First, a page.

I realize that they were trying to keep Trek relevant for younger viewers, and the new effects really pop in HD. It's nice to have the option of switching back and forth on blu ray. Had that choice not been offered, I would have stuck with my dvd's.

    Barry, I really enjoy your insights and bookmarked your blog.

    Live Long and Prosper!


  4. Thank you, Steve. Much appreciated.

    You are right about "Elaan of Troyius"; while I have not seen the new fx for that episode, the originals are so exiting and dynamic. Fred Steiner's magnificent, and thrilling, music makes the battle sequences something else. (I have seen sample sections of "The Doomsday Machine" and the redone effects are ridiculous: The Enterprise goes riight [sic] up to the berserker just to make sure it doesn't miss. Did I say "ridiculous"?)

  5. Anonymous1:29 PM

    Like many fans, I was sceptical when CBS first announced it was replacing the space effects scenes with CGI. Fortunately, the original designs were used. The Enterprise and Galileo look like they should, not like something out of Battlestar Galactica. In HD, the original space scenes are so grainy, at times. it is overly distracting. One original model shot is still amazing sharp: the Galileo in the launch bay with the launch doors closed. No optical effects were needed for that...the same reason that Space:1999's original in-camera effects are so sharp.

    The new CGI also appeal to younger viewers. Unfortunately, my daughters think original Star Trek is "the worst show ever" because it's so dated and "tacky" (clothes and props). I try to tell them that the show was state of the art back in the 60's. Today's kids with smart phones consider Trek's computers (clunky boxes with flashing lights) to be ridiculous. Tech dates a show fast, but fifty years later, Star trek looks better than the Flash Gordon serials looked in the 80's.

  6. I'm with you John on the visual effects. I think they did a fine job with them for the most part and that they actually expand the look and feel of the show, giving it a bit more depth visually. I'm sure if the creators had the budget and the technology we'd get something very similar to what we see here.

    But I also grew up with the original versions on TV. Whenever I watch the show I'm taken right back to watching the episodes with my grandma (a huge Shatner fan) and thrilling to the adventures of the crew. So the nostalgia is twice as potent with your screen captures of the original effects.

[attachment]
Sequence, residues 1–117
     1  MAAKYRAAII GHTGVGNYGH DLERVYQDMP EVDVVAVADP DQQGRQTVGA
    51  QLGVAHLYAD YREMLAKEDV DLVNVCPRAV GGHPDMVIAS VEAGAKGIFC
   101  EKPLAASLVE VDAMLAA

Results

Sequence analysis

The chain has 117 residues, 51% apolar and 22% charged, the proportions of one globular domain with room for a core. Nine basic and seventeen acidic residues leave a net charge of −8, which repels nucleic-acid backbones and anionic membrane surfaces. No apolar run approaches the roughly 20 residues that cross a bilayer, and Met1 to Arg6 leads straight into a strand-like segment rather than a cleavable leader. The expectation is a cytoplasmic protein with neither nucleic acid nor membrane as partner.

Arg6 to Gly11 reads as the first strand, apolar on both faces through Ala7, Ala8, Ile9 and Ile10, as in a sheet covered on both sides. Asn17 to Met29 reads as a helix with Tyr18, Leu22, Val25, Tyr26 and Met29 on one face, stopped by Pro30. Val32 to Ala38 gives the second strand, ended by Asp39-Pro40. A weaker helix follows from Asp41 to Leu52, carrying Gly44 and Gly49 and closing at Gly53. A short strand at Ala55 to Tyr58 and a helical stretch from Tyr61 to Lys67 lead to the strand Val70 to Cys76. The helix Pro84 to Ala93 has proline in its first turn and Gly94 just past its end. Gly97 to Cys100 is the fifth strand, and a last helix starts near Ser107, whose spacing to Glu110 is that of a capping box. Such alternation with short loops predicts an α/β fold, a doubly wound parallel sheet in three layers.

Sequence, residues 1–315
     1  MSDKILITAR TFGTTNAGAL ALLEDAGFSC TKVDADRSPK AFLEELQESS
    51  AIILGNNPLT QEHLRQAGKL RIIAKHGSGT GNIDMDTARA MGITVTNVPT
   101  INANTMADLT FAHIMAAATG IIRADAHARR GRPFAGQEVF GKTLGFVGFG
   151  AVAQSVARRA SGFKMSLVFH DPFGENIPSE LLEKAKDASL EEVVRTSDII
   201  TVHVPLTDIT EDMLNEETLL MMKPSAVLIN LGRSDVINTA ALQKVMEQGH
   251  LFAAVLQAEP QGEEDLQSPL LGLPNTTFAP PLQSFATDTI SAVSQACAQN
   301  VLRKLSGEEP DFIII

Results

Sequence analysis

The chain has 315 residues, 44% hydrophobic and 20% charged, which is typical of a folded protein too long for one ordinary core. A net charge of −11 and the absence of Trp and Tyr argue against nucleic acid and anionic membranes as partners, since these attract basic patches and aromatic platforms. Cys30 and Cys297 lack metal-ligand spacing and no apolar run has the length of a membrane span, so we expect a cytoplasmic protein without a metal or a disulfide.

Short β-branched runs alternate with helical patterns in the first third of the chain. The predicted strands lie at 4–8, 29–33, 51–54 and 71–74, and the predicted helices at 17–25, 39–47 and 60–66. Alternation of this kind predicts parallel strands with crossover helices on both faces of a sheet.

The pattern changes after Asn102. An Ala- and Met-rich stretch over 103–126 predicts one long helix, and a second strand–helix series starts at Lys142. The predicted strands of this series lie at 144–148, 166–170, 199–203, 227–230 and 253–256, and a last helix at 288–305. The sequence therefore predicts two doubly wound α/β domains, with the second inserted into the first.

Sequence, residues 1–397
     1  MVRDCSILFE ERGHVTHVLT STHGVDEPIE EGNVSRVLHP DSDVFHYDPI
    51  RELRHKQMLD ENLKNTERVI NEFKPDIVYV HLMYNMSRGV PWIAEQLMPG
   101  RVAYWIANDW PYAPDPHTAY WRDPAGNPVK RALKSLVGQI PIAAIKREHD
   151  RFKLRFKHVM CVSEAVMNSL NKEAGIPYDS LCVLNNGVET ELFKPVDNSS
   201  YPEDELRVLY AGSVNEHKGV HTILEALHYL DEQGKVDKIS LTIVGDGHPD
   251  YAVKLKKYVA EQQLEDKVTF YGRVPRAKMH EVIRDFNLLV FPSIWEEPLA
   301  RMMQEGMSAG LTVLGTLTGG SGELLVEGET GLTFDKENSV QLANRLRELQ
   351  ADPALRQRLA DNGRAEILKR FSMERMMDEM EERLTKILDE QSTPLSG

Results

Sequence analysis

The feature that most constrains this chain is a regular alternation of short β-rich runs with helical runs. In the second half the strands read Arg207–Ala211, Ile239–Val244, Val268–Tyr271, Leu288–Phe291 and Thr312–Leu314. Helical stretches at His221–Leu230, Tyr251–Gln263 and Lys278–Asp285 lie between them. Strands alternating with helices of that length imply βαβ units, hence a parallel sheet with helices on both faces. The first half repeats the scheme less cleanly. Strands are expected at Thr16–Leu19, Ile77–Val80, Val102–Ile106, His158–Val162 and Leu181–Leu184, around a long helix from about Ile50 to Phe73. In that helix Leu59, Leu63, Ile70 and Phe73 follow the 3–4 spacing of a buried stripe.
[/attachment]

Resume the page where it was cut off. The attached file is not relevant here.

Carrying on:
1. You are right; television programs we watched as youths have a strong sentimental trigger when we watch them as nostalgia. Most, however, once we get past the nostalgic wave, we realize are best left as memories.

      One clarification on budgets. It is an area which invites a lot of myth. Star Trek had a large budget for television; most one-hour drama shows at the time were made for between $150,000 and $160,000. (Which is why Paramount, after acquiring Desilu, wanted to kill Trek.) A "space travel" SF show at that time, obviously, required more money since just about everything had to be manufactured. Also, Trek utilized "photographic" or "photochemical" FX and mattes; just like their feature film cousins. Doing blue-screen work was very expensive, which is why most SF series did not use them on a regular basis... if at all. Now, as everyone knows, television SF and fantasy programs do everything electronically. A like show today contracts a digital house for a package rate, which means... episode FX work is done relatively cheaply, certainly compared to the old photo-effects techniques, and, a producer can render anything his/her heart desires. I should mention that "series budgets" today are much lower than what those favourite television programs of our youth had to work with: "ad revenues" are a fraction of what they used to be. In the mid-sixties a one-hour series' season run was about 32 episodes.

      Sorry, it's the researcher in me.

      But, in essence, you are right when you say, "I'm sure if the creators had the budget and the technology we'd get something very similar to what we see here."